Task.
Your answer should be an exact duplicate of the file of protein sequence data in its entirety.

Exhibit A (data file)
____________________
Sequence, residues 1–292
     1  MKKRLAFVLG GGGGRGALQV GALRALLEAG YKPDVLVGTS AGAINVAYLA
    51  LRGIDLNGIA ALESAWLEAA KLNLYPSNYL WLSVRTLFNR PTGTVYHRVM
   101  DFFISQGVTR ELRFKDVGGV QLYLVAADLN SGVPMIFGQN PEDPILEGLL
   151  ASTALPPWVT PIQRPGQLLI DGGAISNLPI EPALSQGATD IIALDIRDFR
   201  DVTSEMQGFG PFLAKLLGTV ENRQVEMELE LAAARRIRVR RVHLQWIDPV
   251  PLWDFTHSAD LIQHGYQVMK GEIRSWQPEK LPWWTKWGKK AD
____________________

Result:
Sequence, residues 1–292
     1  MKKRLAFVLG GGGGRGALQV GALRALLEAG YKPDVLVGTS AGAINVAYLA
    51  LRGIDLNGIA ALESAWLEAA KLNLYPSNYL WLSVRTLFNR PTGTVYHRVM
   101  DFFISQGVTR ELRFKDVGGV QLYLVAADLN SGVPMIFGQN PEDPILEGLL
   151  ASTALPPWVT PIQRPGQLLI DGGAISNLPI EPALSQGATD IIALDIRDFR
   201  DVTSEMQGFG PFLAKLLGTV ENRQVEMELE LAAARRIRVR RVHLQWIDPV
   251  PLWDFTHSAD LIQHGYQVMK GEIRSWQPEK LPWWTKWGKK AD